Kraynak says he wants to explain the "strangeness of our day":
What is so strange about our age is that demands for respecting human rights and human dignity are increasing even as the foundations for those demands are disappearing. In particular, beliefs in man as a creature made in the image of God, or an animal with a rational soul, are being replaced by a scientific materialism that undermines what is noble and special about man, and by doctrines of relativism that deny the objective morality required to undergird human dignity. How do we account for the widening gap between metaphysics and morals today? How do we explain "justice without foundations"--a virtue that seems to exist like a table without legs, suspended in mid-air? What is holding up the central moral beliefs of our times? (103-104)Kraynak surveys some of the writings of Richard Rorty, Daniel Dennett, and Steven Pinker as illustrating this modern strangeness of "justice without foundations." He then indicates that to explain this modern predicament we need to adopt the "insights" of Frederich Nietzsche.
The modern Western world is no longer openly Christian and religious, but nor is it free of all Christian and religious influences. Rather, modernity is a secularized form of Christianity in which the religious faith of the Middle Ages has been transformed by the Enlightenment into a worldly form of humanitarianism: the original spiritual notions of Christian charity and equality before God were transformed into a political movement of equal rights and dignity before man, which led to the French Revolution and the democratic ideals of liberty, equality, and fraternity. Nietzsche states this point succinctly when he discusses modern politics in Beyond Good and Evil, arguing that "the democratic movement is the heir of the Christian movement." What he means is that modern democracy arose from the secularization of Christian values, producing a feeling of pity for the suffering of humanity and a morality of equal rights, which seeks to overthrow aristocratic orders by revolutionary movements and to create a more just and compassionate world.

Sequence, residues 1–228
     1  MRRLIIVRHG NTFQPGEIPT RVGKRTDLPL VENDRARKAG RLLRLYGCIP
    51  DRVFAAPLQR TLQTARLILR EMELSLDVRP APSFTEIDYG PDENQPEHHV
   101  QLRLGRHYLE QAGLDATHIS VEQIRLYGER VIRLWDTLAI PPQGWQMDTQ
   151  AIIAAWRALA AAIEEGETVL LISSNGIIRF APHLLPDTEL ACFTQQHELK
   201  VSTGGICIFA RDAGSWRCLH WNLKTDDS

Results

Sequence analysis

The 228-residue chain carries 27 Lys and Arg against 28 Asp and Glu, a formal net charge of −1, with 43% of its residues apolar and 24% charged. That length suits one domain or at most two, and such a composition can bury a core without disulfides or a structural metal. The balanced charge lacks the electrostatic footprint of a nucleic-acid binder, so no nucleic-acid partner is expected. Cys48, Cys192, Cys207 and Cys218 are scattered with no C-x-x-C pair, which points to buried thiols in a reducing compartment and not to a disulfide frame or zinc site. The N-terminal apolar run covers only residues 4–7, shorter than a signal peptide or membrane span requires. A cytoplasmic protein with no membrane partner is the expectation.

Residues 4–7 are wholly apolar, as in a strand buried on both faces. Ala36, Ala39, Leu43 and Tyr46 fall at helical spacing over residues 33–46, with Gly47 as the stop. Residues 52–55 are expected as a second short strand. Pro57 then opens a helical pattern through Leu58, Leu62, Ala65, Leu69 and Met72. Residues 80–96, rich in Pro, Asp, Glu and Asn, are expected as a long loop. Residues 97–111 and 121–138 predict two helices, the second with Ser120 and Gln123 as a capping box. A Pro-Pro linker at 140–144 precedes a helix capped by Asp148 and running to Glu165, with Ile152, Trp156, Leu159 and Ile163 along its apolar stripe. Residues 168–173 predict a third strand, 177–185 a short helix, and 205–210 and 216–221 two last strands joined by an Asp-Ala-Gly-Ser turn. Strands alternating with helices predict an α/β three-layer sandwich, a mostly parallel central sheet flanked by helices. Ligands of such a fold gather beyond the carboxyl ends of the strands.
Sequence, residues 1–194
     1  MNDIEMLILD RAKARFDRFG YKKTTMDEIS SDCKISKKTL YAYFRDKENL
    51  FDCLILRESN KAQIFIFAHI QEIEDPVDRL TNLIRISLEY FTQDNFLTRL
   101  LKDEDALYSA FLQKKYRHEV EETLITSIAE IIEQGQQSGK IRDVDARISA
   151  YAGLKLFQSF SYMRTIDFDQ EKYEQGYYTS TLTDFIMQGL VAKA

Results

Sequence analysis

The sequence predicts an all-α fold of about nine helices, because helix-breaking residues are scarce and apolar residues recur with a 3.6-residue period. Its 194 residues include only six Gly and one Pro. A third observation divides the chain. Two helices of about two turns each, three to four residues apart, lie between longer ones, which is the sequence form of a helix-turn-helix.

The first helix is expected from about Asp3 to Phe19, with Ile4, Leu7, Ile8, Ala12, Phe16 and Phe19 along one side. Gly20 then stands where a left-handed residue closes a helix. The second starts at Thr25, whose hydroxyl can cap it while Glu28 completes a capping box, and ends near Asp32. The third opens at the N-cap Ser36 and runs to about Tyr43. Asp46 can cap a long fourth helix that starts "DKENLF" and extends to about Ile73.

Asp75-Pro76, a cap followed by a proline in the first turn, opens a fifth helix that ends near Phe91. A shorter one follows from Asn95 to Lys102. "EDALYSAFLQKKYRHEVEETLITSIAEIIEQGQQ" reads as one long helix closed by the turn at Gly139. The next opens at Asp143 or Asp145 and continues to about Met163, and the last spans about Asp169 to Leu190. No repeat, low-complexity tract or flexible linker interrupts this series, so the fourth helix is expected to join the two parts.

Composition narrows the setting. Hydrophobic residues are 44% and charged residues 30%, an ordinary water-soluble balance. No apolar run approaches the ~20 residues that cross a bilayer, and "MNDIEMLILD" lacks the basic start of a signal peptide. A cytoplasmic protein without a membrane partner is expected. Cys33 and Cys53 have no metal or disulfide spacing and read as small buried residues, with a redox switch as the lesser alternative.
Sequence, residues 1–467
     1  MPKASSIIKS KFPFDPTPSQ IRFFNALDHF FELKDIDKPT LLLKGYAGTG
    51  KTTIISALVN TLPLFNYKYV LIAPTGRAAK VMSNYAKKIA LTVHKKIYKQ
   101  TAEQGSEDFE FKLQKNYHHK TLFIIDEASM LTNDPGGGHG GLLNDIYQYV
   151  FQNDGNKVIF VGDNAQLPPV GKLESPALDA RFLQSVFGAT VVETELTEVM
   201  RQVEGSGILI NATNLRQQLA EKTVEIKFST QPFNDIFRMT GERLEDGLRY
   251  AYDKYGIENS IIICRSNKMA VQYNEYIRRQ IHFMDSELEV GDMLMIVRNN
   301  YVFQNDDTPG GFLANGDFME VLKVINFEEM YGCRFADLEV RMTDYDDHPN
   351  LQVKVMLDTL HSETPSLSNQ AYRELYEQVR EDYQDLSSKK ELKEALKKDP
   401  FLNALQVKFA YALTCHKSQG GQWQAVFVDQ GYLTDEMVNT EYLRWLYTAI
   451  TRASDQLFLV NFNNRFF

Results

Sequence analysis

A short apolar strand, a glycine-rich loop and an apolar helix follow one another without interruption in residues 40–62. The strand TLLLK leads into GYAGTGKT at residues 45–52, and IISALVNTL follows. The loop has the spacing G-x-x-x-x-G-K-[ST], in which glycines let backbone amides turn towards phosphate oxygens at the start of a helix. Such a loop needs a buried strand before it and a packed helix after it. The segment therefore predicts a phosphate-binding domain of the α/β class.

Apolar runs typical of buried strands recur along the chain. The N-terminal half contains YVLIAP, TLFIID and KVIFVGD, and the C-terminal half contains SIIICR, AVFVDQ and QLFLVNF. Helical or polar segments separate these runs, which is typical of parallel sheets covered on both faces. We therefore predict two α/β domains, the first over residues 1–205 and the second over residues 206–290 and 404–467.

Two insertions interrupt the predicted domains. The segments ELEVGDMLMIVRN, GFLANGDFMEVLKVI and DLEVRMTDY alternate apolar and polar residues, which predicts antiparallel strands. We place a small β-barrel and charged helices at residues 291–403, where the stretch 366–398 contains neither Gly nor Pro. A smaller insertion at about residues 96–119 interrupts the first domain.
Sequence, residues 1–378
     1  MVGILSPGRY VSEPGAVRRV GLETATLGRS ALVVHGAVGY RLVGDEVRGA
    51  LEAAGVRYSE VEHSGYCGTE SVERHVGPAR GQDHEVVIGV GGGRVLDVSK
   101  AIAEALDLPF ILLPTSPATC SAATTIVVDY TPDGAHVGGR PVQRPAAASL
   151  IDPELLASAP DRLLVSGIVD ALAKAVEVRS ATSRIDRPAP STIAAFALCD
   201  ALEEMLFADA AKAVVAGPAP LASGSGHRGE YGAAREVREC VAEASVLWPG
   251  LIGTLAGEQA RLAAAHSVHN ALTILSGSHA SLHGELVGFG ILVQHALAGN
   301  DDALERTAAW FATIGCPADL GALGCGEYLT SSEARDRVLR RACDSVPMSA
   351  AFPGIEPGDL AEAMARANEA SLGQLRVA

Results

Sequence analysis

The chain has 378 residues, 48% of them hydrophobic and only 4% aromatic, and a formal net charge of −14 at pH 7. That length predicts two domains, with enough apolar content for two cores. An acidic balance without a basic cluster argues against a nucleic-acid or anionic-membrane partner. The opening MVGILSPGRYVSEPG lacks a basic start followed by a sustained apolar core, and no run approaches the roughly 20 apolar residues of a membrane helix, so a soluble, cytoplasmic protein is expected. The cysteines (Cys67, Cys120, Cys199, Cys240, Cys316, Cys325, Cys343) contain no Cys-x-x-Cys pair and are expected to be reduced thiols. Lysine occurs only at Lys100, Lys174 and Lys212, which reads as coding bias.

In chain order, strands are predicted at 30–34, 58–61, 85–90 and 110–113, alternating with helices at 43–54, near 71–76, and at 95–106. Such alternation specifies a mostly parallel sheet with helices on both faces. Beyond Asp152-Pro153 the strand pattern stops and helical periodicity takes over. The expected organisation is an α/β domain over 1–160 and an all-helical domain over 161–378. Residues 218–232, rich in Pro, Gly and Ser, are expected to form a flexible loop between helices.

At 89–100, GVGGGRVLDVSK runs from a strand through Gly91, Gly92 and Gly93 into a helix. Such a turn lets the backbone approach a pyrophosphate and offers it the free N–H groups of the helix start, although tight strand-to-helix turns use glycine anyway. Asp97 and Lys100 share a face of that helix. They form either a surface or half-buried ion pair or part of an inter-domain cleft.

Another formulation that Nietzsche uses to capture the moral psychology of the modern world is that modern man wants the Christian morality without the Christian God. In Twilight of the Idols, he sarcastically criticizes the English people for preserving Christian morality despite their rejection of Christian faith. (114)Kraynak admits that Darwinian naturalists--like me--do provide a "foundation" for moral order in "an objective idea of human nature" that does not depend upon religious belief. But this Darwinian appeal to nature is confused, he insists, because it ignores the "logical implication" of Darwinian naturalism, which is Social Darwinism--"a view of politics in which the strong inevitably and even legitimately dominate and exploit the weak for their own purposes, and democracy, dignity, justice, and compassion are sentimental relics of Christianity, or, more accurately, prejudices of democratic culture" (108-109).
The modern morality of human rights depends on the concept of equal human dignity, Kraynak insists, and the only secure "foundation" for this idea of human dignity is Biblical religion, and especially the Biblical teaching that all human beings are created in the image of God. We need a "reasonable faith," and "such a reasonable faith is what the Bible offers us." "And it is a faith that shows us that the Judeo-Christian conception of man provides the most plausible account of human dignity--and that divine love is the ultimate foundation of human justice" (120).